October 11–18, 2008 Whole Novel Workshop
October 23–26, 2008 Writing Novels for Young Adults
November 6–9, 2008 Visual Art of the Picture Book

“I’ve been attending for ten years and every workshop is different, sparked by the attendees, faculty, staff, and the place itself. ”

7.Thank you very much for providing the links for us. We will be sure to check out the curriculum there. The Chautauqua workshop may be expensive for some writers. Is there any financial aid available?

Yes, many scholarships are available.

8.That’s great to hear. Why should a children’s writer choose this workshop over others led by different organizations?

Every workshop is unique. Writers and illustrators need to decide which ones are best for them.

9.Yes, thank you for that practical advice. It is very important to make decisions that are right for you in this business. What is the overall feeling of attendees at Chautauqua?

At Chautauqua, the tone is a combination of energy and calmness, a perfect combination to meet and talk with others.

10.What a great combination and the perfect setting for a writer. What is the best way to network at a conference or a workshop?

Don’t be shy, but don’t be over anxious.

11.This is true, and sometimes hard for writers since they are more comfortable in front of the computer. But something to remember is that the other people there are also writers, and they could be feeling the same way! What should a writer make sure to bring to a week-long workshop?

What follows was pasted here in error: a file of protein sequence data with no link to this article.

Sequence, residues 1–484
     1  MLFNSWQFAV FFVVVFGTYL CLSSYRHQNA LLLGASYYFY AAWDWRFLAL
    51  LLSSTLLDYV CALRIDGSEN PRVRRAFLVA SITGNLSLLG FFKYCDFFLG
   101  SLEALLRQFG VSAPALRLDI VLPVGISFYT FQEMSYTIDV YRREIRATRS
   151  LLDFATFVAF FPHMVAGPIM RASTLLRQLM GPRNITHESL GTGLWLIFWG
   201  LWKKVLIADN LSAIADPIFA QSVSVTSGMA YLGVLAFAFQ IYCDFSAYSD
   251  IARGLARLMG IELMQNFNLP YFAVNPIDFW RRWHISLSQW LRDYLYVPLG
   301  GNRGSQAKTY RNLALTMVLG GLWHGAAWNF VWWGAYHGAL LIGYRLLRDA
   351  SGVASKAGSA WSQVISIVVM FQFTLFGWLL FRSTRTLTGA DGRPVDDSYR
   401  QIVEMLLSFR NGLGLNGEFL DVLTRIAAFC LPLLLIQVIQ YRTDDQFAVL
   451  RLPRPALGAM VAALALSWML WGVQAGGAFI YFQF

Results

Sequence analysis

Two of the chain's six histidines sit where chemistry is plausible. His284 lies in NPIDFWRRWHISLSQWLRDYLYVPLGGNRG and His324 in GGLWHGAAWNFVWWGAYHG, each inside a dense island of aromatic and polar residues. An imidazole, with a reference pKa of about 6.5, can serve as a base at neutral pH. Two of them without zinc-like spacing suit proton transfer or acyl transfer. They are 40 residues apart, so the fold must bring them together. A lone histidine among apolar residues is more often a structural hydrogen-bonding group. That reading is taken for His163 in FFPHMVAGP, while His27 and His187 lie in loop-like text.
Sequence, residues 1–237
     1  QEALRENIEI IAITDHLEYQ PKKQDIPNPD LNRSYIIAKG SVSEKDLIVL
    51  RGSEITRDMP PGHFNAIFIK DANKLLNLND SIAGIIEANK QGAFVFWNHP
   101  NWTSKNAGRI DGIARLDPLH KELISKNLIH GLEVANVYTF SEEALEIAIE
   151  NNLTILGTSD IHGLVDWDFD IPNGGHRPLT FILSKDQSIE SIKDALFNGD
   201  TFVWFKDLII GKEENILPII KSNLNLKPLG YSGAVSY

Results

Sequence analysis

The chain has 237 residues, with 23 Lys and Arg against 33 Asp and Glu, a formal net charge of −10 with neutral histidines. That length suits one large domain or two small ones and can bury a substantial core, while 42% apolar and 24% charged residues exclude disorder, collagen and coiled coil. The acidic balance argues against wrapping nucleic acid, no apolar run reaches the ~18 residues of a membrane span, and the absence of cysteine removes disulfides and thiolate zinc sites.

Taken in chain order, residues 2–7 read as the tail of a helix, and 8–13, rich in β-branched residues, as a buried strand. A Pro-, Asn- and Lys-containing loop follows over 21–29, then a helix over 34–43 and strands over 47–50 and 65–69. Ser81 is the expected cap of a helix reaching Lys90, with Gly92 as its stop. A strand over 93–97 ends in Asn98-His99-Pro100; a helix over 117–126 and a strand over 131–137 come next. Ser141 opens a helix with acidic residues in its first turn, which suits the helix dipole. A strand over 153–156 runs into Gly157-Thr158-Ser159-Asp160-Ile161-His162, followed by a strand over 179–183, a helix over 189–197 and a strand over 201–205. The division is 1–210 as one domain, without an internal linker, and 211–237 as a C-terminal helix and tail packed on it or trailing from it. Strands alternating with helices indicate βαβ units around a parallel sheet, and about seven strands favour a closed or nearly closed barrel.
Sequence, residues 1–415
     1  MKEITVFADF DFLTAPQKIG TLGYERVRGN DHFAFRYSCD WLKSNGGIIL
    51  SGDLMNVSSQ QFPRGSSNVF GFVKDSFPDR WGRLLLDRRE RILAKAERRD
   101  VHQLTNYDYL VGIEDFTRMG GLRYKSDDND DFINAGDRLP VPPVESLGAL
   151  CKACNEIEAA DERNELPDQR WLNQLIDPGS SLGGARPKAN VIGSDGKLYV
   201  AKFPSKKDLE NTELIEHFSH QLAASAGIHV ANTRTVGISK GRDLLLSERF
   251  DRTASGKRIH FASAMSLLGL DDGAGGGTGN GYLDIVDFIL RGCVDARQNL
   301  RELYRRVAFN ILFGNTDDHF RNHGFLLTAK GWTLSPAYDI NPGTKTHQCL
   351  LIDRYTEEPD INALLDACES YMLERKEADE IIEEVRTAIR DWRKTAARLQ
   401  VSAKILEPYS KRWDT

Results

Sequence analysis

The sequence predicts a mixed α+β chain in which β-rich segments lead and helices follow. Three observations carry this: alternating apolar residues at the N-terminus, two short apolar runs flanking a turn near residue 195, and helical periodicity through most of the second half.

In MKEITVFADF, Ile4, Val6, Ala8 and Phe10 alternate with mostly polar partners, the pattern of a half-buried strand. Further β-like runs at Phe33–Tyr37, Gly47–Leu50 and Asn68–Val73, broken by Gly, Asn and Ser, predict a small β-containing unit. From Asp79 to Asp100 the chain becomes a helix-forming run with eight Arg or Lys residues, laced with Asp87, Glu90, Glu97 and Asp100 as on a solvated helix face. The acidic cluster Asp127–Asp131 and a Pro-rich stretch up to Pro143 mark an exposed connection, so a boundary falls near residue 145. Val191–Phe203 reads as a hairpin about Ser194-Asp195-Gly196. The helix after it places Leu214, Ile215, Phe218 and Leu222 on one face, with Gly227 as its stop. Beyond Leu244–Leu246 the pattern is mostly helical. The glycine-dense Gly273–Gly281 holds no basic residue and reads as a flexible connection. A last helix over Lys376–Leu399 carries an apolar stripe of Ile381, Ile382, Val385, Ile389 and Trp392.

Energy, an eager mind, and open ears (plenty of talking and listening), and a relaxed hand (for writing).

“At Chautauqua, the tone is a combination of energy and calmness.”

12.Those are the perfect tools for a writer to bring to a workshop. Are there certain qualifications a faculty member has to have at Chautauqua? If so, what are the qualifications?

You might want to visit the website to see the diversity of the faculty. Faculty members for the Chautauqua conference and the Founders’ Workshops are successful professionals who are skilled and passionate about their subject areas.

13.Do attendees actually have time to write and work on projects while at Chautauqua?

I have never been an attendee, but as a faculty member (and writer and editor), the energy and calmness of the conference has a dramatic effect and triggers the imagination. I’m sure lots of writing and illustrating takes place!

14.By your description, it does sound like you would be surrounded by the perfect setting to imagine, create, and write. How is Chautauqua related to the Highlights Foundation? Is this the same Highlights as in the children’s magazine?

The Writers Workshop at Chautauqua is separate from Highlights, the company, and is a nonprofit organization. Highlights does help out from time to time with providing editors, some materials, etc.

15.Thank you for explaining that. Children’s writers often wonder if there is any connection between the two. What type of free time activities are available at Chautauqua?